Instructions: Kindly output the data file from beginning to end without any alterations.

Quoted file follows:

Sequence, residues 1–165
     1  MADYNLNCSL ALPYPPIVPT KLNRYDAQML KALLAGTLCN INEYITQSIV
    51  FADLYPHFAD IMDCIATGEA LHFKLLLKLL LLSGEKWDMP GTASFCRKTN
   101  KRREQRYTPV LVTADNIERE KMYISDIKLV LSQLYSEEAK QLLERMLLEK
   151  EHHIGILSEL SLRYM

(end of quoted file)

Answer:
Sequence, residues 1–165
     1  MADYNLNCSL ALPYPPIVPT KLNRYDAQML KALLAGTLCN INEYITQSIV
    51  FADLYPHFAD IMDCIATGEA LHFKLLLKLL LLSGEKWDMP GTASFCRKTN
   101  KRREQRYTPV LVTADNIERE KMYISDIKLV LSQLYSEEAK QLLERMLLEK
   151  EHHIGILSEL SLRYM